CINCINNATI — Those who live in Over-the-Rhine spent its years of rapid growth parking strategically, always conscious of the likelihood that any spot they left vacant would quickly be filled by someone in the neighborhood for a dinner, a bar crawl or a concert.
Weekends were downright treacherous, Over-the-Rhine Community Council Maurice Wagoner said Friday.
“The residents, they have to ride around the block three or four times to find parking spaces for themselves,” he said, adding that being forced to park blocks away from home could be a particular obstacle for seniors.
Wagoner and other residents hope the implementation of a new parking permit system will help ensure spots in the neighborhood stay reserved for people who live there. However, some also worry that more exclusive parking could damage the nightlife on which the neighborhood's economy relies.
Under the permit plan, which started Jan. 1, 402 spaces in the neighborhood are reserved for residents. A year-long permit for each these spaces costs $25 for low-income drivers and $60 for the rest.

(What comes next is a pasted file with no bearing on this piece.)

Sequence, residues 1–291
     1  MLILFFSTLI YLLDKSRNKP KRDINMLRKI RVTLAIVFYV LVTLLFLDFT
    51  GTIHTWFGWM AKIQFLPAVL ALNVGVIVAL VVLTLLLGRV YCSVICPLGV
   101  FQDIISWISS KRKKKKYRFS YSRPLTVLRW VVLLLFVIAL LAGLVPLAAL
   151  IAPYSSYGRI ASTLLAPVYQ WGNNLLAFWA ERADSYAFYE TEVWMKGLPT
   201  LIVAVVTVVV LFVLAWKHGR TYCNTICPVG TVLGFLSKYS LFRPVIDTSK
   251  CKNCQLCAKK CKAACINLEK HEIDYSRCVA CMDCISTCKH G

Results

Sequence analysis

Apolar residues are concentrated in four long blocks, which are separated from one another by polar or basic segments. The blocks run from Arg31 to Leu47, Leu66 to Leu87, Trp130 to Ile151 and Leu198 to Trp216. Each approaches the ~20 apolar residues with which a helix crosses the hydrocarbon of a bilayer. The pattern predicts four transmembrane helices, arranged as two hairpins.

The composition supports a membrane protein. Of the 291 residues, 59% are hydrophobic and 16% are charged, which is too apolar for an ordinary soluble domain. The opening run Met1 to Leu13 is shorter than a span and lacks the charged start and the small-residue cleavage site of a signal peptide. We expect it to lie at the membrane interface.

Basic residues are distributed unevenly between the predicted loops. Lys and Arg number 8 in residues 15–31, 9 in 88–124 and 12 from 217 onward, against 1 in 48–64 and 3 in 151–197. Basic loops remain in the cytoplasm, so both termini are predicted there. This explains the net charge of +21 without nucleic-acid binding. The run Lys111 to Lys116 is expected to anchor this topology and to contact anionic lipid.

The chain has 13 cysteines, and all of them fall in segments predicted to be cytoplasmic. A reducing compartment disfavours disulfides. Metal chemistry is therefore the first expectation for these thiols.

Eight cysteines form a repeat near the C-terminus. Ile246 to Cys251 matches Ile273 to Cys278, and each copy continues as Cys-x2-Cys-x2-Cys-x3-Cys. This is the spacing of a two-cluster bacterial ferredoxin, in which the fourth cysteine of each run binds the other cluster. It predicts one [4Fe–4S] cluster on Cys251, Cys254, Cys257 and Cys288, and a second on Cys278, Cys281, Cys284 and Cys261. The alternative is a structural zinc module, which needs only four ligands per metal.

For non-residents, parking in one of these spaces will net a $50 ticket starting Feb. 1.
Keith Maloy, a general manager at Taft’s Ale House, said he wishes there were more — particularly during the daytime, when he believes many residential permit holders will be out of the area.
“It would be great to be able to get a daytime pass, maybe ’til 5,” he said. “That would help half our staff. Something that would be less Draconian that what they’re doing now.”
He said he was also worried that fewer publicly available parking spaces could translate into fewer customers for bars such as Taft’s.
“We’re concerned that people won’t be vocal about it,” he said. “They’ll just stop coming.”